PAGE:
Jack Lyons Theatre & Film Critic

Seventy-five years ago a murder was committed in Los Angeles in an area known as the ‘Sleepy Lagoon reservoir’.  Four young Latino men were charged with the crime of murder, and the ensuing, highly controversial trial introduced a new word into the main-stream American lexicon – “Pachuco”.

In 1977, playwright/director Luis Valdez, brought his play “Zoot Suit” to Gordon Davidson, the Artistic Director of the Mark Taper Forum with the hope that one of the country’s most prestigious Regional Theatres would produce his controversial story of social injustice and police brutality toward Latino’s in the city of Angels.  And he wanted to do it with a cast of mostly Latino performers.

Demian Bichir in the revival of “Zoot Suit.” Photo by Craig Schwartz.

Not only did Davidson agree to produce the play, he helped guide it through development stages giving director Valdez full support and resources of the Mark Taper Forum.  Davidson’s belief   and Valdez’s powerful play helped change the creative theatrical climate of Los Angeles.  Not only did it open the door of diversity in casting, it made edgier and non-traditional subject matter plays acceptable; solidifying the reputation of the Mark Taper Forum as a welcoming place for new work by America’s emerging playwrights.

The Taper’s revival musical production, now onstage of “Zoot Suit”, is faithful to Valdez’s original story. This production has had a little tweaking by playwright-director Valdez here and there.  I saw the original production in 1978, starring Edward James Olmos as the narrator/guide El Pachuco, It was an astonishing performance and production.  Actors Daniel Valdez who portrays Henrique Reyna and Rose Portillo who plays Delores Reyna in the 2017 production, were both in the original 1978 show. Daniel Valdez is also the Music Director for the 2017 production.

The power of Valdez’s story and the potent dialogue of the original show is still intact and still affecting. The stage is splashed in colorful costumes of Costume Designer Ann Closs-Farley, especially in her Pachuco costumes sported by Henry and El Pachuco right down to the long single feathers in their hats and their three foot long pocket chains. The cultural heat and moves of the barrio dancers under the direction choreographer Maria Torres heightens the excitement and energy of the entire production.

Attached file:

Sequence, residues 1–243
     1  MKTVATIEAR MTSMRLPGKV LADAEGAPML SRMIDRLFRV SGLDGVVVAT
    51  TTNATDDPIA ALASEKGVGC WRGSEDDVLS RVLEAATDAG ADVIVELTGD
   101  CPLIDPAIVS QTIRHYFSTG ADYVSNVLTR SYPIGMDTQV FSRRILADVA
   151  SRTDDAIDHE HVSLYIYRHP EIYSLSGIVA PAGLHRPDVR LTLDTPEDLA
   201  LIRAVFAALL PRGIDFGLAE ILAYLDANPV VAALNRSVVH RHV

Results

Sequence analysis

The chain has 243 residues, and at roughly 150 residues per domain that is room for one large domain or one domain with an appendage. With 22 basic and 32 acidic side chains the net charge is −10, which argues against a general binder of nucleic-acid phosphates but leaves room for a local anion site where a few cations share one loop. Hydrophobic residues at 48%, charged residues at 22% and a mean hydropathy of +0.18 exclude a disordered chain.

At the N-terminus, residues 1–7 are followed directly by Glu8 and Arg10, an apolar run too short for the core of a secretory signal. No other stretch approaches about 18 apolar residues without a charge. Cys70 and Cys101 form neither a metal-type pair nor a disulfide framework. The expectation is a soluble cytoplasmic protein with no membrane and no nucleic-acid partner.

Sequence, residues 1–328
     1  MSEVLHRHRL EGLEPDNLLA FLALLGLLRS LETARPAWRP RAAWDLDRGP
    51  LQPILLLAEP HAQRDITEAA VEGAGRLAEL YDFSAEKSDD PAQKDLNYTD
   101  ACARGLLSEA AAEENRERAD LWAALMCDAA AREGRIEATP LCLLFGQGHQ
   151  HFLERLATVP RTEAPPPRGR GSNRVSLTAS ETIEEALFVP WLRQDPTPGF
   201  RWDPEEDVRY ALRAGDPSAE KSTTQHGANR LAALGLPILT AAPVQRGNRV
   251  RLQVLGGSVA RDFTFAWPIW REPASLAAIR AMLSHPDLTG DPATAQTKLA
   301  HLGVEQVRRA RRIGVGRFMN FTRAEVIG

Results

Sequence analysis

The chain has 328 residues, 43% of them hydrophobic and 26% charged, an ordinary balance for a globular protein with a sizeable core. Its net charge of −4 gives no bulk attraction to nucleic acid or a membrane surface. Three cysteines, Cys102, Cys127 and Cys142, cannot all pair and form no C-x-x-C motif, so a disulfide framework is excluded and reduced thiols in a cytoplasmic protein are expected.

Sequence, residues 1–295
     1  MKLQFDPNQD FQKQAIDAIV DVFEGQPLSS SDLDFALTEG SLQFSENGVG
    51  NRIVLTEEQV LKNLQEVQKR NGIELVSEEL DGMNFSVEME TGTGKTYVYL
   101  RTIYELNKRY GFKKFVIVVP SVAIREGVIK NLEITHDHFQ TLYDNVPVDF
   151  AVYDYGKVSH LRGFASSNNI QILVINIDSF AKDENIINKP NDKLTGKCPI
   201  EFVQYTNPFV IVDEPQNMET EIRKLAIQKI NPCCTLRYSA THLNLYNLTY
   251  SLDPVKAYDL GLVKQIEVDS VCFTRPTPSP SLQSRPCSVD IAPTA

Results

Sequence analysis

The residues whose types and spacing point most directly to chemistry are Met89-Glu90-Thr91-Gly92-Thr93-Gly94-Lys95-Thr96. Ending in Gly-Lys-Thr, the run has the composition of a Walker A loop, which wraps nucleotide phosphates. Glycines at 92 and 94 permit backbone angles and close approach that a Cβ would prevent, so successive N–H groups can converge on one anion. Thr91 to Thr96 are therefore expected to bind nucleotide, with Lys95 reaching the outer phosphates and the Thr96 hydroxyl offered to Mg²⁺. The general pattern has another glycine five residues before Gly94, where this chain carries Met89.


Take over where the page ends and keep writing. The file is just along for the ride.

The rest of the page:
L-R: Jeanine Mason, Daniel Valdez, Rose Portillo and Tiffany Dupont in the revival of “Zoot Suit.” Photo by Craig Schwartz.

Christopher Acebo’s spacious set provides all the room required by director Valdez to bring his 1940’s musical of barrio life along with five songs composed by the late great Lalo Guerrero.  Guerrero was considered to be the father of Chicano music. “Zoot Suit” also features the music of Duke Ellington, Glenn Miller, Benny Goodman, Felipe Valdes Leal, Daniel Valdez, and Jorge Negrete.

Even though the story is based on actual events, there are echoes of gang warfare moments from “West Side Story” and a taste of family warfare as in “Romeo and Juliet”.  Alas, it would appear this tired old world hasn’t learned very much from our forebears when it comes to tolerance and understanding.  As a theatrical piece, however, “Zoot Suit” still has the goods to move an audience emotionally and intellectually to appreciate our diversity by listening to our better angels; thanks to the skill of this outstanding cast of 25 solid, actors, led by a mesmerizing Demian Bischir, as El Pachuco, ‘a messenger’ who embodies both good and bad spirits.

L-R (Bottom row): (Tiffany Dupont, partially obscured), Jeanine Mason, Demian Bichir, Matias Ponce, Daniel Valdez and Rose Portillo; (top row) Evan Strand, Fiona Cheung, Mariela Arteaga and Holly Hyman in the revival of “Zoot Suit.” Photo Craig Schwartz

Matias Ponce as Henry Reyna, delivers a potent performance of a cynical man when it comes to his view of society, and rightly so.  He is brutalized both by his culture in the barrios, and in the treatment of his brothers by the ‘gringos’ who control the power levers in his world.  While viewing the police vs. the pachuco scenes, I felt the obvious bias of the justice system could have been toned down a bit. We get it and seeing it through the lens of 40 years later, too much cruelty can be off-putting to some, regardless of its veracity. Many times, less can make a more powerful and convincing statement.

Henry’s one bright spot in life is his love for his girlfriend Della, appealingly played by Jeanine Mason.  When the rumble in the Sleepy Lagoon area goes sideways and a rival gang member is killed, Henry, and his three compadres are caught up and sacrificed on the expediency alter of political and police department agendas.  Then as now, instilling fear (in “Zoot Suit” it’s the ‘Pachuco’ gangs), is a useful tool and a necessary component in maintaining control by governments worldwide.

In the jail and courtroom sequences Brian Abraham as George Shearer and Tiffany Dupont as Alice Bloomfield, Henry’s attorneys respectively, display their frustration in fighting a system where one can easily compare barrio life to the old Jim Crow rules of down south before the Civil Rights movement became law.

This triumphant production has been taken to the hearts of 2017 audiences, as was the 1978 production.  It has been extended three times to accommodate the clamor for tickets.

“Zoot Suit”, at the Ahmanson Theatre, now runs through April 2, 2017.  Don’t Miss It!

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